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The sacred Spring, prepar'd to tune
Their parting hymn, ere sunk the moon
To that fair Fountain, by whose stream
Their hearts had form'd so many a

dream.

Who has not read the tales, that tell
Of old Eleusis' worshipp'd Well,
Or heard what legend-songs recount
Of Syra, and its sacred Fount, 2
Gushing, at once, from the hard rock

Into the laps of living flowers-
Where village maidens lov'd to flock,
On summer-nights, and, like the

Hours,
Link'd in harmonious dance and song,
Charm'd the unconscious night along;
While holy pilgrims, on their way

To Delos isle, stood looking on,
Enchanted with a scene so gay,
Nor sought their boats, till morning

shone?

Nothing but Music's strain,
When Lovers part in pain,
Soothes, till they meet again,

Oh, Maids of Zia!
Bright Fount, so clear and cold,
Round which the nymphs of old,
Stood, with their locks of gold,

Bright Fount of Zia !
Not even Castaly,
Fam'd though its streamlet be,
Murmurs or shines like thee,

Oh, Fount of Zia!
Thou, while our hymn we sing,
Thy silver voice shalt bring,
Answering, answering,

Sweet Fount of Zia !
Oh ! of all rills that run,
Sparkling by moon or sun,
Thou art the fairest one,

Bright Fount of Zia !
Now, by those stars that glance
Over heaven's still expanse,
Weave we our mirthful dance,

Daughters of Zia !
Such as, in former days,
Danc'd were by Dian's rays,
Where the Eurotas strays,}

Oh, Maids of Zia !
But when to merry feet
Hearts with no echo beat,
Say, can the dance be sweet?

Maidens of Zia !
No, nought but Music's strain,
When lovers part in pain,
Soothes, till they meet again,

Oh, Maids of Zia !

Such was the scene this lovely glade
And its fair inmates now display'd,
As round the Fount, in linked ring,
They went, in cadence slow and

light,
And thus to that enchanted Spring
Warbled their Farewell for the

night.

SONG.

HERE, while the moonlight dim
Falls on that mossy brim,
Sing we our Fouutain Hymn,

Maidens of Zia!

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These 'Songs of the Well, as they were was formerly, whether of love and gallantry, or called among the ancients, still exist in Greece. of gossiping and tale-telling. It is near to the De Guys tells us that he has seen the young, town, and the most limpid water gushes continu: women in Prince's Island, assembled in the ally from the solid rock. It is regarded by the evening at a public well, suddenly strike up a inhabitants with a degree of religious veneration; dance, while others sung in concert to them.' and they preserve a tradition, that the pilgrims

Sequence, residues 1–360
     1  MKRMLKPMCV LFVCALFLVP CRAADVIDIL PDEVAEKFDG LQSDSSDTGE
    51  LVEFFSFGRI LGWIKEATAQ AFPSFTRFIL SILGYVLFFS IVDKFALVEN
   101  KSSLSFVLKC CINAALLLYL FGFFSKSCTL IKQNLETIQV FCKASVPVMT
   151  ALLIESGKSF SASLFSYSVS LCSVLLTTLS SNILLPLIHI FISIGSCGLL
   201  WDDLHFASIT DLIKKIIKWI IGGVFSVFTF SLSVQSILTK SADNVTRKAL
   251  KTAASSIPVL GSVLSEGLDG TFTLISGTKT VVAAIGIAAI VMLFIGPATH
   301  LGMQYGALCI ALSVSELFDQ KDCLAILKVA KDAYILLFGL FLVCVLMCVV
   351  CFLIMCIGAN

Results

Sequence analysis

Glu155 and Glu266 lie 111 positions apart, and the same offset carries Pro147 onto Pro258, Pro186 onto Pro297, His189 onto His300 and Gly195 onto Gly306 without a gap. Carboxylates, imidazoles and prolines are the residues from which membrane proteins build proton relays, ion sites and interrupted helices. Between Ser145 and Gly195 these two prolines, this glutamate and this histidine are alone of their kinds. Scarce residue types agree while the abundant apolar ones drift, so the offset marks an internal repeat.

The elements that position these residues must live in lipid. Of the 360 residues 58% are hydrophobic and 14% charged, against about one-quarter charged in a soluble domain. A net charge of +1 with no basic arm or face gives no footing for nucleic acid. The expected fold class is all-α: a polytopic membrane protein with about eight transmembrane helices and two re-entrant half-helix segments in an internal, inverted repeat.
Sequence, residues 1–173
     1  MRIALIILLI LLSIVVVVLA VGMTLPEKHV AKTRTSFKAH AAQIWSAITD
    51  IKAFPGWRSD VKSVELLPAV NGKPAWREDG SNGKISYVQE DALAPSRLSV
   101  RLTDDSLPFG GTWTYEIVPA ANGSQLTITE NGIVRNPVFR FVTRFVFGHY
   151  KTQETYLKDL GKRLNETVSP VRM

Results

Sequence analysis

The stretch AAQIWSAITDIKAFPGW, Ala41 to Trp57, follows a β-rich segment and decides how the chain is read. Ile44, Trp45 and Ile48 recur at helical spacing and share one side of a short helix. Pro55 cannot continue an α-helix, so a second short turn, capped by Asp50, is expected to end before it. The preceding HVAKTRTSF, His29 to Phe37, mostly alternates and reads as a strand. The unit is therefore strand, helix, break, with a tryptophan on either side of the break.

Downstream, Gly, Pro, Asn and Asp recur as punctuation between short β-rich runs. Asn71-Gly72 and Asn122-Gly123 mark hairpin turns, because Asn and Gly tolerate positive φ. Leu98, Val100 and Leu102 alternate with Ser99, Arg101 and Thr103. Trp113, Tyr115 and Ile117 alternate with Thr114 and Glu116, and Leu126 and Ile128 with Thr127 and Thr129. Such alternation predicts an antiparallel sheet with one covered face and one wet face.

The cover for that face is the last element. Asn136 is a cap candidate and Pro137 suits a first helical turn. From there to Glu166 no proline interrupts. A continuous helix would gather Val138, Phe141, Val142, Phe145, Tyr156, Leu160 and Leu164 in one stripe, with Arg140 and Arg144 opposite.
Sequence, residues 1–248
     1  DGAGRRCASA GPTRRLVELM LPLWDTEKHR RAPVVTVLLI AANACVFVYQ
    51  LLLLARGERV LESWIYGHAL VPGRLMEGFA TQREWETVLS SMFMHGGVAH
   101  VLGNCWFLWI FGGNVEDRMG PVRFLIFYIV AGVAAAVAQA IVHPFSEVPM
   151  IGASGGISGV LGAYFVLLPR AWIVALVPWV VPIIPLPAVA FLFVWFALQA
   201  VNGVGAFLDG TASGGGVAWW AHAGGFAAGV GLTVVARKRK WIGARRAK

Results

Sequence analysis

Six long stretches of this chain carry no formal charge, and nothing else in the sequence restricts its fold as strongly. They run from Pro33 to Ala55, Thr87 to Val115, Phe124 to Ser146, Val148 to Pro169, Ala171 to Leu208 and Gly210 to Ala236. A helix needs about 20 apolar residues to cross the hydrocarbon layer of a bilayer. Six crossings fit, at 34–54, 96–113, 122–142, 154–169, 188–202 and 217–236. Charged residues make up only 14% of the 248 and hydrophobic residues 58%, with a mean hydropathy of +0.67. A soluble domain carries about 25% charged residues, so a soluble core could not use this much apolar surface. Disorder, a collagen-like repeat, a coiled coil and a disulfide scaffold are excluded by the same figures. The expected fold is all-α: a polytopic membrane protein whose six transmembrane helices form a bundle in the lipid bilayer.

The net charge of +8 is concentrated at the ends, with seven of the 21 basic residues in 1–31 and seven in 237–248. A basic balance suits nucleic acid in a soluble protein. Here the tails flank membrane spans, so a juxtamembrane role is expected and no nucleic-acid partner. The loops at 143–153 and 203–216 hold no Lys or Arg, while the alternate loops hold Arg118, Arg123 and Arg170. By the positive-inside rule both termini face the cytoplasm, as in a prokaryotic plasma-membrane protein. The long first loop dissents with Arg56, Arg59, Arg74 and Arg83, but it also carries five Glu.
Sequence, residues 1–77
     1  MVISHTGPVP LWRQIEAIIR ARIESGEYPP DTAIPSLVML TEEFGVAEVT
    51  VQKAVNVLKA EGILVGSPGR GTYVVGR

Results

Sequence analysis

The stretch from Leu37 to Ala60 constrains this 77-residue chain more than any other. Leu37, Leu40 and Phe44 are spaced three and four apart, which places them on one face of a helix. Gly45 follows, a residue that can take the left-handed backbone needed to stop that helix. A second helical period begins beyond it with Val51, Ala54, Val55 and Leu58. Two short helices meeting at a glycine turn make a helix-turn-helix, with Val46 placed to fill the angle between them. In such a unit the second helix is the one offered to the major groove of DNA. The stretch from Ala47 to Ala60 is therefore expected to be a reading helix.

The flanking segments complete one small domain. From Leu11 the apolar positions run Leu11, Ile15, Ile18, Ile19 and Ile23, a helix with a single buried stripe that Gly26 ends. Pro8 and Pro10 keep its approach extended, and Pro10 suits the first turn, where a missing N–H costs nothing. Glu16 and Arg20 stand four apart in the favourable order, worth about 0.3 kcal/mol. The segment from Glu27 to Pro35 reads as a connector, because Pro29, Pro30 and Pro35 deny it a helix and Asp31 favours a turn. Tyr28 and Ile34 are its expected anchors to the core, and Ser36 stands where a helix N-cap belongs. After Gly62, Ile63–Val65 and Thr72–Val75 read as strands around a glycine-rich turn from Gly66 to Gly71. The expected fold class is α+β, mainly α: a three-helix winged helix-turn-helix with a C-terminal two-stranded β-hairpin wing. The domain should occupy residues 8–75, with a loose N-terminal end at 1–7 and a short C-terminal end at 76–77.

2 . The inhabitants of Syra, both ancient and of old time, in their way to Delos, resorted hither modern, may be considered as the worshippers of for purification.'— Clarke. water. The old fountain, at which the nymphs of the island assembled in the earliest ages, exists

3. Qualis in Eurotæ ripis, aut per juga Cynthi in its original state, the same rendezvous as it

Exercet Diana choros.' - Virgil

POEMS FROM THE EPICUREAN.

1827.

THE VALLEY OF THE NILE.

Far as the sight can reach, beneath as clear
And blue a heaven as ever blessed this sphere,
Gardens, and pillared streets, and porphyry domes
And high-built temples, fit to be the homes
Of mighty gods, and pyramids, whose hour
Outlasts all time, above the waters tower !

Then, too, the scenes of pomp and joy that make
One theatre of this vast peopled lake,
Where all that Love, Religion, Commerce gives
Of life and motion, ever moves and lives.
Here, up the steps of temples, from the wave
Ascending, in procession slow and grave,
Priests in white garınents go, with sacred wands
And silver cymbals gleaming in their hands :
While there, rich barks-fresh from those sunny tracts
Far off, beyond the sounding cataracts-
Glide with their precious lading to the sea,
Plumes of bright birds, rhinoceros' ivory,
Gems from the isle of Meroë, and those grains
Of gold, washed down by Abyssinian rains.

Here, where the waters wind into a bay
Shadowy and cool, some pilgrims on their way
To Sais or Bubastus, among beds
Of lotus flowers that close above their heads,
Push their light barks, and hid, as in a bower,
Sing, talk, or sleep away the sultry hour,
While haply, not far off, beneath a bank
Of blossoming acacias, many a prank
Is played in the cool current by a train
Of laughing nymphs, lovely as she whose chain
Around two conquerors of the world was cast;
But, for a third too feeble, broke at last.

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Glimpses of glory ne'er forgot,

That tell, like gleams on a sunset sea, What once hath been, what now is not,

But oh ! what again shall brightly be!'

SONG OF THE NUBIAN GIRL.

O ABYSSINIAN tree,

We pray, we pray to thee; By the glow of thy golden fruit And the violet hue of thy flower,

And the greeting mute

Of thy boughs' salute
To the stranger who seeks thy bowcr.

O Abyssinian tree !

How the traveller blesses thee; When the light no moon allows, And the sunset hour is near,

And thou bend'st thy boughs

To kiss his brows,
Saying, 'Come, rest thee here.'

0 Abyssinian tree !
Thus bow thy head to me!

THE END.

LONDON:

SAVILL, EDWARDS AND CO., PRINTERS, CHANDOS STREET,

COVENT GARDEN.

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